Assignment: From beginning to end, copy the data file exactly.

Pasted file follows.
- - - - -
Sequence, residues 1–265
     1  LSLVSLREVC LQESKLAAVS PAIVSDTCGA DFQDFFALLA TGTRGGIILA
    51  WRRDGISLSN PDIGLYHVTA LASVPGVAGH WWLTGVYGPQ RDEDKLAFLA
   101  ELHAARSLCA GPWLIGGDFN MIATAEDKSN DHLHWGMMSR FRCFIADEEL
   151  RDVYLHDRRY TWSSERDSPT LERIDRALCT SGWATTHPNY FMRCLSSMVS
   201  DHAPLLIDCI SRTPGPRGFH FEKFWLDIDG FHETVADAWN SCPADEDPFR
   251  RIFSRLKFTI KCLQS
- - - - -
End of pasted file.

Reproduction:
Sequence, residues 1–265
     1  LSLVSLREVC LQESKLAAVS PAIVSDTCGA DFQDFFALLA TGTRGGIILA
    51  WRRDGISLSN PDIGLYHVTA LASVPGVAGH WWLTGVYGPQ RDEDKLAFLA
   101  ELHAARSLCA GPWLIGGDFN MIATAEDKSN DHLHWGMMSR FRCFIADEEL
   151  RDVYLHDRRY TWSSERDSPT LERIDRALCT SGWATTHPNY FMRCLSSMVS
   201  DHAPLLIDCI SRTPGPRGFH FEKFWLDIDG FHETVADAWN SCPADEDPFR
   251  RIFSRLKFTI KCLQS